Generic Name: peramivir (per-AM-i-vir)
Medically reviewed by Drugs.com. Last updated on Aug 30, 2020.
Commonly used brand name(s)
In the U.S.
Available Dosage Forms:
Pharmacologic Class: Neuraminidase Inhibitor, Influenza A&B Virus
Uses for peramivir
Peramivir injection is used to treat acute uncomplicated influenza in patients who have flu symptoms (eg, weakness, headache, fever, cough, runny or stuffy nose, sore throat) for no more than 2 days. Peramivir belongs to the family of medicines called antivirals, which are used to treat infections caused by viruses.
Peramivir is to be given only by or under the direct supervision of your doctor.
Before using peramivir
In deciding to use a medicine, the risks of taking the medicine must be weighed against the good it will do. This is a decision you and your doctor will make. For peramivir, the following should be considered:
Tell your doctor if you have ever had any unusual or allergic reaction to peramivir or any other medicines. Also tell your health care professional if you have any other types of allergies, such as to foods, dyes, preservatives, or animals. For non-prescription products, read the label or package ingredients carefully.
Appropriate studies performed to date have not demonstrated pediatric-specific problems that would limit the usefulness of peramivir injection in children 2 years of age and older. Safety and efficacy have not been established in children younger than 2 years of age.
Appropriate studies performed to date have not demonstrated geriatric-specific problems that would limit the usefulness of peramivir injection in the elderly.
There are no adequate studies in women for determining infant risk when using this medication during breastfeeding. Weigh the potential benefits against the potential risks before taking this medication while breastfeeding.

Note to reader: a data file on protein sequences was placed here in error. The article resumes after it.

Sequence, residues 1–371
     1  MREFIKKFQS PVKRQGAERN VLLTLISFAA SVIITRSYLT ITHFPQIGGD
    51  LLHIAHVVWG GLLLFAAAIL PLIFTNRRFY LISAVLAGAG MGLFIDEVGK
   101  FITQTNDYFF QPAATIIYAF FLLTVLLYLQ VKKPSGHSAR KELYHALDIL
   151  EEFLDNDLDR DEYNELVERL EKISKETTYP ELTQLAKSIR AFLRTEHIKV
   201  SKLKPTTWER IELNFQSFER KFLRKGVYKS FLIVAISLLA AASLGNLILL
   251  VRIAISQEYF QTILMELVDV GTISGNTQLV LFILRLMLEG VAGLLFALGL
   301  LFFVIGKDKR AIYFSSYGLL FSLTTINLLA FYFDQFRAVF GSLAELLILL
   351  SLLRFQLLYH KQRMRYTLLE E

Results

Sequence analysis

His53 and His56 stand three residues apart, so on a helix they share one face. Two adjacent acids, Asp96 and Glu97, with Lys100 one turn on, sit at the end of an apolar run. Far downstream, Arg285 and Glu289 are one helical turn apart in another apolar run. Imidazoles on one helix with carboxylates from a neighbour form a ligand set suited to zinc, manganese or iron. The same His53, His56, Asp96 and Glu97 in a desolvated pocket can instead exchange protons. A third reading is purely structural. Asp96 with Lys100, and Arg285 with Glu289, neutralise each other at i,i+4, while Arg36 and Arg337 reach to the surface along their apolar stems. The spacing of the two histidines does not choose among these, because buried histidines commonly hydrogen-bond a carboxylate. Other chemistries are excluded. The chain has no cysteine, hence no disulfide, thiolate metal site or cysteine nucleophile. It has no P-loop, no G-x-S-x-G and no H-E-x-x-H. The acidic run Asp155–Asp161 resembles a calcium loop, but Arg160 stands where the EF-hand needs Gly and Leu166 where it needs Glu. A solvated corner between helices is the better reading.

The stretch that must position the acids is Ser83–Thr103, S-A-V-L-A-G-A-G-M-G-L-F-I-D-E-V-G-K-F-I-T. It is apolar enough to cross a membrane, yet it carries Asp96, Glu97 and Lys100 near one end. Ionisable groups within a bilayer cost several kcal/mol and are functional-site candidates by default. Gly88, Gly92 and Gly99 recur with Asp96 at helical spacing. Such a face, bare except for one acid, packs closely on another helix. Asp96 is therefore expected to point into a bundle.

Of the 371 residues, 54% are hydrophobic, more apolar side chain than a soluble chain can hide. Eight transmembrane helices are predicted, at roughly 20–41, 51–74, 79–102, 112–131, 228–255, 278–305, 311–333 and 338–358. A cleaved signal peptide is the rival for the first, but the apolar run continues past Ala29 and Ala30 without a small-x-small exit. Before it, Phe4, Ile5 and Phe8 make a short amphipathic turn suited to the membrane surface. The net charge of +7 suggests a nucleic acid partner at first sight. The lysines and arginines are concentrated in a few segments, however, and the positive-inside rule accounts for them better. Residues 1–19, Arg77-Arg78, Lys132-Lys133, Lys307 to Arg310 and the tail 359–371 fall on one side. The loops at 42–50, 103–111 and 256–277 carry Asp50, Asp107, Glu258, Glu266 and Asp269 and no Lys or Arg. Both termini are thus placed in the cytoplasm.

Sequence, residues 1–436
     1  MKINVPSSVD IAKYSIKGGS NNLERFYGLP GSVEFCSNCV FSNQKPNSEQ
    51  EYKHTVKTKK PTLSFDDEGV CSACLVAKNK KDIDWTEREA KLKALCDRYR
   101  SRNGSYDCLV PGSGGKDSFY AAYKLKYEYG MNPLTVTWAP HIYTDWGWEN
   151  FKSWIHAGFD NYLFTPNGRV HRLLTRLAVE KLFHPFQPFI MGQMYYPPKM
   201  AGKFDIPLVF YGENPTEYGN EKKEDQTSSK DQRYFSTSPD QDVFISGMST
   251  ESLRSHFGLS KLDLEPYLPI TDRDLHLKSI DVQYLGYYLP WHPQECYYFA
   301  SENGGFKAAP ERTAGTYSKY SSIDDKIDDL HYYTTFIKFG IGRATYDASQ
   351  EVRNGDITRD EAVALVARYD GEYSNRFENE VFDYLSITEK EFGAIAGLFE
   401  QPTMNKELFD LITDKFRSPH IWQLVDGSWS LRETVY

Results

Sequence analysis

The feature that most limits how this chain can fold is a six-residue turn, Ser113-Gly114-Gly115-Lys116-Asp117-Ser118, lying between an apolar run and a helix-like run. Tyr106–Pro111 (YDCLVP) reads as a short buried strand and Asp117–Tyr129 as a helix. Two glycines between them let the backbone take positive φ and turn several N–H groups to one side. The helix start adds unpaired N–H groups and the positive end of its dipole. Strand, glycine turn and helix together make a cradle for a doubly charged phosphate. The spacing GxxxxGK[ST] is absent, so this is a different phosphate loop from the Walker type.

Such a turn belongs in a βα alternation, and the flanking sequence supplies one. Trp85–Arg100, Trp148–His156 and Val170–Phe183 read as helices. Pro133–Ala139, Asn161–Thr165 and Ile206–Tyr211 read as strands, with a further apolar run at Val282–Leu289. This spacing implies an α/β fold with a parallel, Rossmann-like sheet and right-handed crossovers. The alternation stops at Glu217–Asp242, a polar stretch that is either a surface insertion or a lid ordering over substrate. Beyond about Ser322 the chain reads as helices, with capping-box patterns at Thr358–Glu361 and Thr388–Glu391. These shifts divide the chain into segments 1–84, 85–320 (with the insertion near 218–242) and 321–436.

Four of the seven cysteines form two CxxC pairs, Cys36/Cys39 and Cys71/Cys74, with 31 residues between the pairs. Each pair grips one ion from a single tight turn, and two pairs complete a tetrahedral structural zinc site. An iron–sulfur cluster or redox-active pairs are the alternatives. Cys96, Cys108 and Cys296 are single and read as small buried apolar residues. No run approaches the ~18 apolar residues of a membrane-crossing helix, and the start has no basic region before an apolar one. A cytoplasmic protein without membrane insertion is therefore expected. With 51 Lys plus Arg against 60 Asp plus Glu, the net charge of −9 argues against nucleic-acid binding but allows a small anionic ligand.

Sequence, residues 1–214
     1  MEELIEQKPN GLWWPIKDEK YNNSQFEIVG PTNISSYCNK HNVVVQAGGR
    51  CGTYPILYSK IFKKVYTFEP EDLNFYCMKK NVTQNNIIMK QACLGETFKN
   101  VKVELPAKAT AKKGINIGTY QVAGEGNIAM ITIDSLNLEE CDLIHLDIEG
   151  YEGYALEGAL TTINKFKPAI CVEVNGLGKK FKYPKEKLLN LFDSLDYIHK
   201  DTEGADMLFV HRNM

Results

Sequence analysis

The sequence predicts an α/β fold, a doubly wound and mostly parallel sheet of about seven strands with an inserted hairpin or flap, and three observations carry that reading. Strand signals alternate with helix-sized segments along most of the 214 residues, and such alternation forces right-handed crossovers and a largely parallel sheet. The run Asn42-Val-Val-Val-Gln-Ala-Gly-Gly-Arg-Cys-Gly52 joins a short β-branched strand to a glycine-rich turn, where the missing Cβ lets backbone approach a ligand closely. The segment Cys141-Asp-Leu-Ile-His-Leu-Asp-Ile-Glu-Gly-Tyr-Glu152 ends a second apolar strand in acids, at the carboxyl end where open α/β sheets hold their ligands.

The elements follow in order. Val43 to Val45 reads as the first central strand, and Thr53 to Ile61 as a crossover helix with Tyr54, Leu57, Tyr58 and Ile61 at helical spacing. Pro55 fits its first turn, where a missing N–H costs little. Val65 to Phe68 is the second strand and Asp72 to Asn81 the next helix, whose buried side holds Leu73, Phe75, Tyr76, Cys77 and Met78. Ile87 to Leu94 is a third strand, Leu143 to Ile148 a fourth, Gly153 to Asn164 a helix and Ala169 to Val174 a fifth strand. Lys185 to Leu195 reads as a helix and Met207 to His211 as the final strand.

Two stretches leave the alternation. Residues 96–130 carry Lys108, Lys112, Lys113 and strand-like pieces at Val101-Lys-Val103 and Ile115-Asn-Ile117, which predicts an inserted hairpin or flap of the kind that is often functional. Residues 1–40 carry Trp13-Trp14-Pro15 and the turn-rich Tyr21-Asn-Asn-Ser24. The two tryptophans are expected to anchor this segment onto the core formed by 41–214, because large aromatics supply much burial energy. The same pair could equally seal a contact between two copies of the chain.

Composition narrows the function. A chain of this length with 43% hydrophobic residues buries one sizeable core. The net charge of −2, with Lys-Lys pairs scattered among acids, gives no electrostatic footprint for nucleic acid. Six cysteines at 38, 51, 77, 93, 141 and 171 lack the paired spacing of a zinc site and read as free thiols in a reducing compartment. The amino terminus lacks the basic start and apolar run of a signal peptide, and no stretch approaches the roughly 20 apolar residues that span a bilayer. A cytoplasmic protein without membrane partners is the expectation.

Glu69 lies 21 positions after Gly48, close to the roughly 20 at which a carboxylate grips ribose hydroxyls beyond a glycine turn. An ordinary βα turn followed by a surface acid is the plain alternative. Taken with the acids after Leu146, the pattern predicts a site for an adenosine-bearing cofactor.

Interactions with medicines
Although certain medicines should not be used together at all, in other cases two different medicines may be used together even if an interaction might occur. In these cases, your doctor may want to change the dose, or other precautions may be necessary. When you are receiving peramivir, it is especially important that your healthcare professional know if you are taking any of the medicines listed below. The following interactions have been selected on the basis of their potential significance and are not necessarily all-inclusive.
Using peramivir with any of the following medicines is usually not recommended, but may be required in some cases. If both medicines are prescribed together, your doctor may change the dose or how often you use one or both of the medicines.
- Influenza Virus Vaccine, Live
Interactions with food/tobacco/alcohol
Certain medicines should not be used at or around the time of eating food or eating certain types of food since interactions may occur. Using alcohol or tobacco with certain medicines may also cause interactions to occur. Discuss with your healthcare professional the use of your medicine with food, alcohol, or tobacco.
Other medical problems
The presence of other medical problems may affect the use of peramivir. Make sure you tell your doctor if you have any other medical problems, especially:
- Kidney disease—Use with caution. The effects may be increased because of slower removal of the medicine from the body.
Proper use of peramivir